My deploy failed with HTTP health checks failed

Cause

When your App has one or more HTTP(S) Endpoints, Enclave automatically performs Health Checks during your deploy to make sure your Containers are properly responding to HTTP traffic.

If your containers are not responding to HTTP traffic, the health check fails.

These health checks are called Release Health Checks.

Resolution

There are several reasons why the health check might fail, each with their own fix:

App is exiting immediately

If your app crashes immediately upon start up, it’s not healthy. In this case, Enclave will indicate that your Containers exited, and report their Container Command and exit code.

You’ll need to identify why your Containers are exiting immediately. There are usually two possible causes:

  • There’s a bug and your container is crashing. If this is the case, it should be obvious from the logs. To proceed, fix the issue, and try again.
  • Your container is starting a program that immediately daemonizes. In this case, your container will appear to have exited from Enclave’s perspective. To proceed, make sure the program you’re starting stays in the foreground and does not daemonize, then try again.

App listens on incorrect host

If your app is listening on localhost (a.k.a 127.0.0.1), then Enclave cannot connect to it, so the health check won’t pass.

Indeed, your app is running in Containers, so if the app is listening on 127.0.0.1, then it’s only routable from within those Containers, and notably it’s not routable from the Endpoint.

To solve this issue, you need to make sure your app is listening on all interfaces. Most application servers let you do so by binding to 0.0.0.0.

App listens on incorrect port

If your Containers are listening on a given port, but the Endpoint is trying to connect to a different port, the health check can’t pass.

There are two possible scenarios here:

  • Your Image does not expose the port your app is listening on.
  • Your Image exposes multiple ports, but your Endpoint and your app are using different ports.

In either case, to solve this problem, you should make sure that:

  • The port your app is listening on is exposed by your image. For example, if your app listens on port 8000, your :ref:Dockerfile must include the following directive: EXPOSE 8000.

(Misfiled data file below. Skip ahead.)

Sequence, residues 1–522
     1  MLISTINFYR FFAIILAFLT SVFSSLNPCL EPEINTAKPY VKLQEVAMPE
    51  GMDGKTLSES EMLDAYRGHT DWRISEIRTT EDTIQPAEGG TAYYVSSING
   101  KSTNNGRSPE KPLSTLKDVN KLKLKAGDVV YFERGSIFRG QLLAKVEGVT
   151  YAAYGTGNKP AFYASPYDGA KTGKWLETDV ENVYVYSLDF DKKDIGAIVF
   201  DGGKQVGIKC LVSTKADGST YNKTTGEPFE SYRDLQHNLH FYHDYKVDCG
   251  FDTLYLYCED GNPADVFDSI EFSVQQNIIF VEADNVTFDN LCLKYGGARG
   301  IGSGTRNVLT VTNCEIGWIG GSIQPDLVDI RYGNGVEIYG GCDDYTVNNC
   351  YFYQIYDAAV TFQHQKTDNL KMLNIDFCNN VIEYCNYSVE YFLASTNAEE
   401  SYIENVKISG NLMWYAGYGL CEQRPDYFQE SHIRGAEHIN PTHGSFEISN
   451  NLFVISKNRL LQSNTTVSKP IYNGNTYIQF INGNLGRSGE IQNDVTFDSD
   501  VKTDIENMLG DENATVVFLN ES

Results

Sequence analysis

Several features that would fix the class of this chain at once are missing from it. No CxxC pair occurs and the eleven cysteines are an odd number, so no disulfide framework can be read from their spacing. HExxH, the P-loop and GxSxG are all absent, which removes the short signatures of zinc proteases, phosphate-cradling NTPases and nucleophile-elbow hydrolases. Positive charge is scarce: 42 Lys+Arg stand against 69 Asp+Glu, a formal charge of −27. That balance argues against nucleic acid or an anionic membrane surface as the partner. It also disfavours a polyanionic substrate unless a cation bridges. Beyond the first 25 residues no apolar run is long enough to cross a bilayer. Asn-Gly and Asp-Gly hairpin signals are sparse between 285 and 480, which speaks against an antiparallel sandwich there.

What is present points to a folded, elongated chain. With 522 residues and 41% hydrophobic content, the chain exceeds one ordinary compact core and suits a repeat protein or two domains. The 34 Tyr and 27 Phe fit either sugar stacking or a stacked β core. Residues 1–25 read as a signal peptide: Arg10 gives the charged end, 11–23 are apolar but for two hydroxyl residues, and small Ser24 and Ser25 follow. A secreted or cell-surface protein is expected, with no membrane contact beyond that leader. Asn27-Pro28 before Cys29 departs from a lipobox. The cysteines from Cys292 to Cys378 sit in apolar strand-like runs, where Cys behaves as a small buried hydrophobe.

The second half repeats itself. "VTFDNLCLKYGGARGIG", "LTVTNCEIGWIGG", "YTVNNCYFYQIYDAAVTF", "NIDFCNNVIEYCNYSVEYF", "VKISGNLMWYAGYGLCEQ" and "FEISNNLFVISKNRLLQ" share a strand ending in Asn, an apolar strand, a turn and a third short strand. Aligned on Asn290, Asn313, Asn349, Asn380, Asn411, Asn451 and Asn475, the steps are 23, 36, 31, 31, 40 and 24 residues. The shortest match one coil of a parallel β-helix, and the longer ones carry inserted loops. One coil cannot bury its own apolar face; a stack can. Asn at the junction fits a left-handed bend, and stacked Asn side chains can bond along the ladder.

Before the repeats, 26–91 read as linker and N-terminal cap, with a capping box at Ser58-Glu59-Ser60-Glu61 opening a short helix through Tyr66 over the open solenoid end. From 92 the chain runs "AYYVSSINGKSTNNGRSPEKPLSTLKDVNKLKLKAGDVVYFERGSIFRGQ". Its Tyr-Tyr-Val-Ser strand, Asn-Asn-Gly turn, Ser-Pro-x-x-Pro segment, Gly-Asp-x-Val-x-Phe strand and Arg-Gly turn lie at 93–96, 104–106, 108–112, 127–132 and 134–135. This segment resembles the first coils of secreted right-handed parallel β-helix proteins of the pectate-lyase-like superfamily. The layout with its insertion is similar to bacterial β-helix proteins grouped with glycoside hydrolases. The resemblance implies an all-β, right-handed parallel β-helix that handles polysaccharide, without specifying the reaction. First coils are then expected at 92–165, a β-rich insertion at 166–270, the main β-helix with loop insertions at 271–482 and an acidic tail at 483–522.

• Your Endpoint is using the same port as your app. By default, Enclave HTTP(S) Endpoints automatically select the lexicographically lowest port exposed by your image (e.g. if your image exposes port 443 and 80, then the default is 443), but you can select the port Enclave should use when creating the Endpoint, and modify it at any time.

App takes too long to come up

It’s possible that your app Containers are is simply taking longer to finish booting up and start accepting traffic than Enclave is willing to wait.

Indeed, by default, Enclave waits for up to 3 minutes for your app to respond. However, you can increase that timeout by setting the RELEASE_HEALTHCHECK_TIMEOUT Configuration variable on your app.

There is one particular error case worth mentioning here:

Gunicorn and [CRITICAL] WORKER TIMEOUT

When starting a Python app using Gunicorn as your application server, the health check might fail with a repeated set of [CRITICAL] WORKER TIMEOUT errors.

These errors are generated by Gunicorn when your worker processes fail to boot within Gunicorn’s timeout. When that happens, Gunicorn terminates the worker processes, then starts over.

By default, Gunicorn’s timeout is 30 seconds. This means that if your app needs e.g. 35 seconds to boot, Gunicorn will repeatedly timeout then restart it from scratch.

As a result, even though Enclave gives you 3 minutes to boot up (configurable with RELEASE_HEALTHCHECK_TIMEOUT), an app that needs 35 seconds to boot will time out on the Release Health Check, because Gunicorn is repeatedly killing then restarting it.

30 seconds might seem like a long time for your app to boot up, but with a large app and a small Container on a Stack enforcing CPU Limits, hitting this timeout is fairly common. Besides, you might have configured the timeout with a lower value (via the --timeout option).

There are two recommended strategies to address this problem:

  • If you are using a synchronous worker in Gunicorn (the default), use Gunicorn’s --preload flag. This option will cause Gunicorn to load your app before starting worker processes. As a result, when the worker processes are started, they don’t need to load your app, and they can immediately start listening for requests instead (which won’t time out).
  • If you are using an asynchronous worker in Gunicorn, increase your timeout using Gunicorn’s --timeout flag.

Note

If neither of the options listed above satisfies you, you can also reduce your worker count using Gunicorn’s --workers flag, or scale up your Container to make more resources available to them.

We don’t recommend these options to address boot-up timeouts because they affect your app beyond the boot-up stage, respectively by reducing the number of available workers and increasing your bill.

That said, you should definitely consider making changes to your worker count or Container size if your app is performing poorly or Metrics are reporting you’re undersized: just don’t do it only for the sake of making the Release Health Check pass.

App is not expecting HTTP traffic

HTTP(S) Endpoints expect your app to be listening for HTTP traffic. If you need to expose an app that’s not expecting HTTP traffic, you shouldn’t be using an HTTP(S) Endpoint.

Instead, you should consider TLS Endpoints and TCP Endpoints.